How do you define the difference between a table grape and a wine grape? Some definitions say that one is usually seedless, the other has seeds, one has firm flesh, the other is soft and juicy, one is very sweet while the other has more acid, and a few other "differences."
While those delineations hold up fairly well if you compare grocery store table grapes and classic varieties of European wine grapes, they are considerably more blurry with American grapes. Both because of the relative newness of American grapes and the state of modern winemaking.
First, look at some of the products and methods now available to alter or enhance wines. These can make some amazing differences in wines made from grapes that might otherwise be considered unsuited for wine making.
Tannin. If a wine lacks tannin to give it good body and ability to age, it can be added in pure form now.
Oak. No need to buy expensive barrels to "oak" your wine when you can steep the wine in oak chips, or even add oak extract.
Improvine the balance of sugar and acid. Acid too high? Products like Acidex will reduce the acid of a winie. Acid too low? Add chemically pure malic and tartaric acids, among others. And if needed, innoculate the wine with bacteria to produce a good malolactic fermentation to reduce the acid. Ph out of balance? Several substances available to correct THAT.
Sugar. Several types are available to boost the brix of the must.
Yeast nutrients, to help when the juice lacks something to help the yeast ferment well. If the yeast is unable to grow, there will be sugar left in the wine and you can wind up with a sweet wine when you want a dry type.
There are enzymes to clear the wine, filters to remove unwanted microflora, fliters to clear the wine, clarifiers to make the wine sparkle. And more.
With all these things, the starting grape has to be really foul to make a bad wine. Any grape with decent character can be adjusted to make reasonable wine, or even great wine.
One time I made a batch of wine from Himrod, a seedless white American grape with a pleasant fruity flavor. The grapes were low in sugar, with less than 18 degrees Brix, so the wine came out with low alcohol. At the same time, it was low in acid, so it lacked sparkle. Let's face it, in character it was hardly more than alcoholic water. However, the wine was made with nothing more than the grapes and the yeast needed to ferment them. In other words, the oldest method.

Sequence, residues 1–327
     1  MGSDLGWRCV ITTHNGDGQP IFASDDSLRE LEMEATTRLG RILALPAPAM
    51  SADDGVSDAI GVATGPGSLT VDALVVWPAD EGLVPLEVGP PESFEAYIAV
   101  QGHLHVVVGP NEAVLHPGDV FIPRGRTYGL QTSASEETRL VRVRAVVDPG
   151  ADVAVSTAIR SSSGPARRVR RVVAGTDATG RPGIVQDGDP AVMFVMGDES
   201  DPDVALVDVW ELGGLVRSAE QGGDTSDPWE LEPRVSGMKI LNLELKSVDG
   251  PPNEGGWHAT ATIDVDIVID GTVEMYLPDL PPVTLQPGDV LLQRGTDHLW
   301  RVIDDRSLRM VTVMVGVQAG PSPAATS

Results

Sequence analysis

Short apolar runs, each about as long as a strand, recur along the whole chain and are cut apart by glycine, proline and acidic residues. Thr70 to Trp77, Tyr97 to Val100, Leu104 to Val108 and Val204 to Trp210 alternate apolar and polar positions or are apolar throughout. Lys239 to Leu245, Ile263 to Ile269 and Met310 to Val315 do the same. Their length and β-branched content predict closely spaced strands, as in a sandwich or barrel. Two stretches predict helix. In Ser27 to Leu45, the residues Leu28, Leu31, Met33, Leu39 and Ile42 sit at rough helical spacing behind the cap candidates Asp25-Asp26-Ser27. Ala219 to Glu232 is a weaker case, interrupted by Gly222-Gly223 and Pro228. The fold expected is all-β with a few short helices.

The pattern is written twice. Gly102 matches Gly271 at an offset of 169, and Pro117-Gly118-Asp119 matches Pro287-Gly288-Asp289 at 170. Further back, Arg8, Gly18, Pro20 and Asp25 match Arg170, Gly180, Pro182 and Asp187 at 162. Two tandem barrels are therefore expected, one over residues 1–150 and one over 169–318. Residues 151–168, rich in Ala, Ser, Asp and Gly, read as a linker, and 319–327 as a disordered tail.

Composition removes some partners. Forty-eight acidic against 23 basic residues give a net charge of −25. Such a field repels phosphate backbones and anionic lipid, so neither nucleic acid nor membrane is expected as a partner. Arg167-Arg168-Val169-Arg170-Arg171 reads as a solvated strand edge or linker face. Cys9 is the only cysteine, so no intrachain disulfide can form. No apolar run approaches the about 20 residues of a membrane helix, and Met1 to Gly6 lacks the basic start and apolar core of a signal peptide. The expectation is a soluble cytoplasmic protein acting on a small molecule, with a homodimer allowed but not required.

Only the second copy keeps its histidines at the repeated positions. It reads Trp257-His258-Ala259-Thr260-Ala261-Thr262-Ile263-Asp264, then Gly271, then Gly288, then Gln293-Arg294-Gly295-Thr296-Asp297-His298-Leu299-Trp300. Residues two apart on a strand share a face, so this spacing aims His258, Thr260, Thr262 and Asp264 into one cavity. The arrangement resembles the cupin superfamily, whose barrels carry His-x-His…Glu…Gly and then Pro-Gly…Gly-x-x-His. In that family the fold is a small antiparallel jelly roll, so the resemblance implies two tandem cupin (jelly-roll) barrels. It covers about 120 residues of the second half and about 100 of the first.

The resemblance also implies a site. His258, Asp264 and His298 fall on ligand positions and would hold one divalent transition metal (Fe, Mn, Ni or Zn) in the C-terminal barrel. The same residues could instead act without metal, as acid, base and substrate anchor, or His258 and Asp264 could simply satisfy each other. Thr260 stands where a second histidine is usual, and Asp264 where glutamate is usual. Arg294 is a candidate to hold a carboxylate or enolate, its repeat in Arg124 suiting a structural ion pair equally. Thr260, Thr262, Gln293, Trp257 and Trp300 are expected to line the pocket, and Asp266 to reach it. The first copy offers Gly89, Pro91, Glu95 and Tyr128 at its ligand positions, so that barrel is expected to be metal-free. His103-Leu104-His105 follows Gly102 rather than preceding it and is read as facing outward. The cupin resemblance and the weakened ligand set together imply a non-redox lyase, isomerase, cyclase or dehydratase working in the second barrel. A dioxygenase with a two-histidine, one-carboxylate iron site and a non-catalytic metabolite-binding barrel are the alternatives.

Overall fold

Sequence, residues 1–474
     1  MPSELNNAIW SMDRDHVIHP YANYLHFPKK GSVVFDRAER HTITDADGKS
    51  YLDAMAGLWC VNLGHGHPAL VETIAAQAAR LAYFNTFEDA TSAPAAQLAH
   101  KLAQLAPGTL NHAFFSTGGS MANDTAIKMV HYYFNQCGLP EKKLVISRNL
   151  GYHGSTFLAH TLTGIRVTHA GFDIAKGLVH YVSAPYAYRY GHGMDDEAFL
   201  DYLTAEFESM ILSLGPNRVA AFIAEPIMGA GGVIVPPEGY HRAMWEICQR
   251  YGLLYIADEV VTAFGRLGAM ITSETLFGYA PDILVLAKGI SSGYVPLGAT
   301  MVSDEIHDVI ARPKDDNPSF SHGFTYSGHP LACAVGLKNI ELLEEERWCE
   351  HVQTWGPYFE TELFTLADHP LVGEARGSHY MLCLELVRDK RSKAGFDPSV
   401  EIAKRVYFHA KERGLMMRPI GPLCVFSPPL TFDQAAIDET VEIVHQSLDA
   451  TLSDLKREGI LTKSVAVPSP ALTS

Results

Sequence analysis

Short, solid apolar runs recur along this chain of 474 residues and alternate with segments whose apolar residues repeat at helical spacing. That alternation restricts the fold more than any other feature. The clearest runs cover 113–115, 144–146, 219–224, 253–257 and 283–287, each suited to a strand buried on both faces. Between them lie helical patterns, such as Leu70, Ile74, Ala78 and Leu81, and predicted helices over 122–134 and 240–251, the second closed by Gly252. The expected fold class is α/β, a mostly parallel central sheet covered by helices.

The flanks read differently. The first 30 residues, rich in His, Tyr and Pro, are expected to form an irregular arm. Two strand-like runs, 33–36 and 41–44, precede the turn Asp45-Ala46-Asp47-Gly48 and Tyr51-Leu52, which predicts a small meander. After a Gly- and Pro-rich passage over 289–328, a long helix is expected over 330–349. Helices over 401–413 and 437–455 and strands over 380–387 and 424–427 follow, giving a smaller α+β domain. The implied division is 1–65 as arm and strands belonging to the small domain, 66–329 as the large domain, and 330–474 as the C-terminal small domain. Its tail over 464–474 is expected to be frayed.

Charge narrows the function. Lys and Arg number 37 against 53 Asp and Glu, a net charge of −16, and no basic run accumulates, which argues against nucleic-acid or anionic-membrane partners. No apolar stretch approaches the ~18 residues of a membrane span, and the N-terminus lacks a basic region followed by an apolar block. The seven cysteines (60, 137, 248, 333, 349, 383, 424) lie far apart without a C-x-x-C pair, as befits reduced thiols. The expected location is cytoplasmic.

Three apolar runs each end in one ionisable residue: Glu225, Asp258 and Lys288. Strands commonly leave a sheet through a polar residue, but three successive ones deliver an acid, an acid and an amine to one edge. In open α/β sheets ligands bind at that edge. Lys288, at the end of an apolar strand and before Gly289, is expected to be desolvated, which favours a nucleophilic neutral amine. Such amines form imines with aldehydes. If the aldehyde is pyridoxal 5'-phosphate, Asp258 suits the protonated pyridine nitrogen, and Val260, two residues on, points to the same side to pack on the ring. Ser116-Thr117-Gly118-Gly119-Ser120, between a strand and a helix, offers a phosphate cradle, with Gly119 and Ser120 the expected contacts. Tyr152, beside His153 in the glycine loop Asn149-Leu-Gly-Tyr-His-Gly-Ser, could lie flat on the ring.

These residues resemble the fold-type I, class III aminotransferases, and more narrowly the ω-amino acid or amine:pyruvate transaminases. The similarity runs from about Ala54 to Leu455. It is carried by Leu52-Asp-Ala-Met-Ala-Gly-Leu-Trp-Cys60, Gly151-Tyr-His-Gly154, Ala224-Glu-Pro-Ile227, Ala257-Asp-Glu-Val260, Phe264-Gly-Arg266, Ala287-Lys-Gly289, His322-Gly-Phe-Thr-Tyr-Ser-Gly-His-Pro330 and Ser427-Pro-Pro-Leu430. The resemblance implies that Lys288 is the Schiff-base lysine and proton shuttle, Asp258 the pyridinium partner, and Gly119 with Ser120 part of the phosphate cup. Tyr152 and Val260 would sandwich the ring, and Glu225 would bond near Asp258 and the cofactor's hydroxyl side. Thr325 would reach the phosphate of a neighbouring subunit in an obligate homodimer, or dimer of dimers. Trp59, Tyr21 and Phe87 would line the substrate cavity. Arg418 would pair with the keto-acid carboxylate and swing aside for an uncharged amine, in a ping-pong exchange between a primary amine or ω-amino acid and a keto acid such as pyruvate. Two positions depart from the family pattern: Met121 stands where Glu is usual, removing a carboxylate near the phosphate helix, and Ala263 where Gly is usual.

Knowing what I know now, I might have added sugar so there would be more alcohol to increase the "legs" of the wine. Adding acid would have given the wine more snap and character. Steeping some oak chips or adding tannins would increase body and complexity of the wine. By the time all these things had been done, that nondescript Himrod wine might have been taken for a crisp, dry classic wine. Or at very least, no one would have thought it was made from table grapes.
To further confuse the issue, there are American grapes like Steuben, which has large, attractive berries, and lovely spicey-sweet flavor, all of which say "table grape." And while it IS a good table grape, there are wineries in the Eastern U.S. that make very palatable red wines from Steuben. For that matter, Swenson Red. my favorite grape with it's fruity, almost aromatic flavor, and firm flesh has also been made into more than one style of wine. May that's because even though Swenson Red itself was intended to be strictly a table grape, one of it's parents, Seibel 11803, is a wine grape. While Steuben, which was actually bred as a table and juice grape, has been used in crosses with wine grapes like Baco Noir to produce good new wine grapes.
To further mix things up, some breeders have worked with breeding seedless red wine grapes. The idea in that case is to get a variety that could be crushed and pressed without getting any of the bitterness or excess tannins that seeds can contribute to a wine. A seedless red wine grape could be used to produce a red wine that would have enough tannin for good body, but little enough that the wine would age quickly and be ready to drink while still quite young. No such selections have been released yet, but that doesn't mean they won't be out sometime.
To be sure, there are many grapes designated as "wine grapes" that will probably always be used for wine only, and many grapes that will always be thought of only in terms of being eaten fresh or prepared in some way other than as wine. You aren't likely to see bunches of Cabernet grapes sold in packages in the produce section of a grocery store, and wine made from Flame Seedless isn't likely to appear on shelves in those same stores, either.
All the same, if you plan to make wine from whatever grapes you have at hand, take time to learn some of the newer wine making techniques and products to help you make something drinkable instead of being fit only to remove rust.
As far as eating grapes, your taste buds will be your best guide. There's nothing in the least bit wrong with eating and enjoying a grape fresh just because it's called a wine grape.
The fun of growing your own grapes is being able to use them any way that pleases you.